An article in the Guardian newspaper today drew my attention to a rather stunning online archive of drawings and sketches from the engineers who designed and built Britain’s railway network in its 19th and early 20th century heydey. I heartily recommend you have a browse here.
Whilst that collection is certainly a wonderful resource, I have a rather ambivalent relationship to engineering drawings. Like butterflies pinned into collection books, they are a fixed, dead representation of what once was an idea fluttering merrily through an engineer’s mind. Throughout the initial phases of concept and the first wobbly-lined and crossed-out sketches, to 3D CAD models spinning and rotating on the monitor, through to prototypes, parts take on a life of their own. They grow from chrysalis to caterpillar, evolve before your eyes and then – they are ossified, sectioned, labelled and numbered like any other sample. Their drawings sit there gathering dust on the desk, yellowing in folders or exploded into ones and zeros on a disk somewhere (most likely more than one disk…). Your drawing library is a museum. Drawings don’t do anything. Right?
Well, drawings are the lingua franca of engineering, a translation. And like any language, they are an inexact representation of what was intended. But, like language, they are irreplaceable. Like language, they can be simultaneously fascinating, bewildering, unremittingly dull and, as you can see in the railway archive, wonderfully beautiful.
A good drawing is laden with meaning. It is the drawing that communicates what a part is supposed to be, how it is to be made, out of what materials, to which tolerances, how it is to be measured and to which performance or approval criteria. Not only that, drawings can describe a part’s relationship to other components, and they describe the status of a part – is it a concept, a prototype or is it a fully approved production item? So maybe they are less museum piece and more like baroque paintings in an art gallery, then, alive with meaning and symbolism.
Like sketches, CAD or FEA models, drawings are relatively easy to create. But they require the patience and clarity of thought of a monk to really get right. Drawings are so full of information and so key to the production of real things that getting things wrong results in great upheaval in correcting those mistakes. The slightest functional change in a drawing sets off a chain reaction of work for lots of people. Revision levels are updated. Bills of materials, ordering systems, pricing systems need to be updated; the lot. And it gets worse if you need to inform customers. Therefore, change is resisted. Therefore, getting drawings right first time is crucially important.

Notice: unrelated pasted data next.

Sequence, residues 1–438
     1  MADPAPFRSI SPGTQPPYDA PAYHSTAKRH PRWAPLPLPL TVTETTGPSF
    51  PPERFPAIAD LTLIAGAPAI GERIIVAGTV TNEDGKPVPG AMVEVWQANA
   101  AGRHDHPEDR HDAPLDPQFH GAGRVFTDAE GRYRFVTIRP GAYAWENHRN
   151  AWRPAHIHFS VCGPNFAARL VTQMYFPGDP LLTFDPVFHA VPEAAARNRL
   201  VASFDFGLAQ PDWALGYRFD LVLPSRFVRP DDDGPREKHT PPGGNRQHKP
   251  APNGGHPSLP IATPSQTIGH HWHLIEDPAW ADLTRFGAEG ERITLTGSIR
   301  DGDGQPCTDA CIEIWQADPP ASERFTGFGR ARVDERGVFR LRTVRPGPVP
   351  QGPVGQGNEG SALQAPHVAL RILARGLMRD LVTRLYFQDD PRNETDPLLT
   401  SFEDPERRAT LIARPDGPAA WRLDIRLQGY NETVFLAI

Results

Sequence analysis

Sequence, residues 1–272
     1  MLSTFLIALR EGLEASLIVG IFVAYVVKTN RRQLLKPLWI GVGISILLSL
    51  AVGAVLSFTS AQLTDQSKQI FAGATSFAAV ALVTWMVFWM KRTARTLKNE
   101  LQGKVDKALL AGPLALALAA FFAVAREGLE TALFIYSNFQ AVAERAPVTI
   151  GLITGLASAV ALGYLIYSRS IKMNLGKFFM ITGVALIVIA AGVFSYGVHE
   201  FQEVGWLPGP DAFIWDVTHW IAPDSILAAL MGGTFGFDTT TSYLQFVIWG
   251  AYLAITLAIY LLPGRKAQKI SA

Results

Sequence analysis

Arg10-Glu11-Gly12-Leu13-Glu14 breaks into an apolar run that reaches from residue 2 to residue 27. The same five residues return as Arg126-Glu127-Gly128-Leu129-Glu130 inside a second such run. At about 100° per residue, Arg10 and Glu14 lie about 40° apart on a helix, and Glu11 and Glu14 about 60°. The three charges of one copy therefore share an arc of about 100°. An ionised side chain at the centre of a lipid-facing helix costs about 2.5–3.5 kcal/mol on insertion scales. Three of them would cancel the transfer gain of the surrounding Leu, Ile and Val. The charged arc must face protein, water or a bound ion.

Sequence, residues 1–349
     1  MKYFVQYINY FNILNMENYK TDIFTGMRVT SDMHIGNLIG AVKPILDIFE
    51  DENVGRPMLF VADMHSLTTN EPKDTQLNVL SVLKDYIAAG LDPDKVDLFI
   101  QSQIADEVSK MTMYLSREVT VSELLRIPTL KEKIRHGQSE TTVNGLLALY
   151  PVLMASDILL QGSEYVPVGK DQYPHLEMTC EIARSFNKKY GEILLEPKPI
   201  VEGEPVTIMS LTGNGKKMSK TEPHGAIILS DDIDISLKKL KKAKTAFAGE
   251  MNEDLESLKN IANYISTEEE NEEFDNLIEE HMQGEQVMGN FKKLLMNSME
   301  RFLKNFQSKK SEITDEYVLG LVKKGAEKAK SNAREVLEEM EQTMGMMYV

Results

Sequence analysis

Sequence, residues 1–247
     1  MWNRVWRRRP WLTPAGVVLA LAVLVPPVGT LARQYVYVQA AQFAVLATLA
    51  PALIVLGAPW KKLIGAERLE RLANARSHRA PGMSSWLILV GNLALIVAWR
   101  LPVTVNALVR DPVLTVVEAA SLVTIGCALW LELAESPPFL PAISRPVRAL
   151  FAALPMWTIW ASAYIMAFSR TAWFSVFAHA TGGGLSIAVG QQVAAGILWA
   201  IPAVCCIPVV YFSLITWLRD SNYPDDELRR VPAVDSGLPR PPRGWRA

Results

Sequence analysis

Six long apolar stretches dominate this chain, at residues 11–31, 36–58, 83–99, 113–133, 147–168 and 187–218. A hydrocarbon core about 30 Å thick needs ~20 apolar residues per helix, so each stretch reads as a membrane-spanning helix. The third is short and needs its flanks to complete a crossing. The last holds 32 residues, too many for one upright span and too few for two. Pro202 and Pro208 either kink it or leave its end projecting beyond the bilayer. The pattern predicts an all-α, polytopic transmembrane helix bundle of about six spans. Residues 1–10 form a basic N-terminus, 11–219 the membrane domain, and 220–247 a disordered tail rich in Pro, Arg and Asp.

But, preparing drawings is still very much a chore and feels like paperwork. The question is: do engineers still feel as if they are engineering when they are ploughing through the change request and drawing management systems just because someone needed to change the length of a screw by a millimetre? I certainly don’t – in fact, I despise such paperwork with a passion. But, seen dispassionately, with the clarity of that self-same monk who created the perfect drawings in the first place, it’s still engineering, like it or not.
What do you think about drawings? Do they play a large part in your work, or have they somehow become history where you are? Is 2D redundant in this 3D printing world? Drop your thoughts in the comments below and let’s talk about *yawn* drawings…!
Thanks to SomJuan for the blueprint photo